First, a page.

Climbing hydrangea (Hydrangea anomala petiolaris) is a climbing, woody vine that bursts into bloom with stunning white flowers. Climbing hydrangea is a slow-starter, but once established it grows quickly and aggressively. Support structures should be strong, such as a wall or mature tree. Climbing hydrangea should never be pruned while juvenile and requires only minimal pruning in maturity. The more of the vine you cut, the fewer blooms you will have, so exercise restraint when pruning. Trim the climbing hydrangea after flowering.
Train the climbing hydrangea to a strong support structure. Once it becomes established, the aerial roots will cling to its support and are difficult to remove, so it's important to train it early.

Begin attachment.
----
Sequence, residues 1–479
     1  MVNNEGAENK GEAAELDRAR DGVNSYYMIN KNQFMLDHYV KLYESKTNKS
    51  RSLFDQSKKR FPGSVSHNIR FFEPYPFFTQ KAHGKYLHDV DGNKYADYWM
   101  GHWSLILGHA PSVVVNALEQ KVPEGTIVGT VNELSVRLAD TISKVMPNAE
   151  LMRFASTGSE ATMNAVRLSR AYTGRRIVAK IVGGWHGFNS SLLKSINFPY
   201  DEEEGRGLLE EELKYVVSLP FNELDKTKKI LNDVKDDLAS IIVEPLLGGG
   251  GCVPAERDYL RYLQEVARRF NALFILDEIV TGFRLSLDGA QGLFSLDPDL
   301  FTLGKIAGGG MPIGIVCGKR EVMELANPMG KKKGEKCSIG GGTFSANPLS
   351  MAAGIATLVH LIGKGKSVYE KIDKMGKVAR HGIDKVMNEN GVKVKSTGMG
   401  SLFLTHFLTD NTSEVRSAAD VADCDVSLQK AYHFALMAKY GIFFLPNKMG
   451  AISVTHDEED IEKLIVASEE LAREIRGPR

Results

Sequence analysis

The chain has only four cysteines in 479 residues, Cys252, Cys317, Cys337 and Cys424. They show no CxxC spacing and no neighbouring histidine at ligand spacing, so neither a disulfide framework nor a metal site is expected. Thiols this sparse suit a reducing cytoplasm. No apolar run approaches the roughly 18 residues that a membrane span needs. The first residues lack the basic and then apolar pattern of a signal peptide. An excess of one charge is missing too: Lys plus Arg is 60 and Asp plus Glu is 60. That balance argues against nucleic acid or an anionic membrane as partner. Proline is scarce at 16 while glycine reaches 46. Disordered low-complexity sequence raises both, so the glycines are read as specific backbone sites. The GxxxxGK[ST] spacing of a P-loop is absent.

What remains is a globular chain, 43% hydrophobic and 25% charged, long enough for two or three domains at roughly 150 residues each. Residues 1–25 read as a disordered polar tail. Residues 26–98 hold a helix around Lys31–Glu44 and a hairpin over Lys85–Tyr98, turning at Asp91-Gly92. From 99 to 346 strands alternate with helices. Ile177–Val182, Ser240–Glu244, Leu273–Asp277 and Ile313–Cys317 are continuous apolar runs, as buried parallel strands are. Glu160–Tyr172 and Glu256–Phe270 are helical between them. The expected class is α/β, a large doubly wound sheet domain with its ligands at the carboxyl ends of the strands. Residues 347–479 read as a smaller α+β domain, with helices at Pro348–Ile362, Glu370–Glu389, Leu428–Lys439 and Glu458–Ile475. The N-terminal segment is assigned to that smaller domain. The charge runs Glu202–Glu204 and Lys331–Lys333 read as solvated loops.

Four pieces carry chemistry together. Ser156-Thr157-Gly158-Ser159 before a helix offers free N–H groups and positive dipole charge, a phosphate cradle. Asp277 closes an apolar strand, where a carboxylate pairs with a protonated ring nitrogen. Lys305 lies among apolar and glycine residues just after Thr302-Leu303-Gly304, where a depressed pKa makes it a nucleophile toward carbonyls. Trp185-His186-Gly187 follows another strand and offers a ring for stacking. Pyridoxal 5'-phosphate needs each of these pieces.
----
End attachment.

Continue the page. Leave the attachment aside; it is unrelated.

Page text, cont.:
Sterilize your pruning equipment by soaking tools in a solution of 1 part household disinfectant and 5 parts water.
Remove dead or damaged canes by cutting them back to healthy growth.
Cut multiple stems growing out of bounds with the loppers. Cut the stems back to where you want them on the support structure.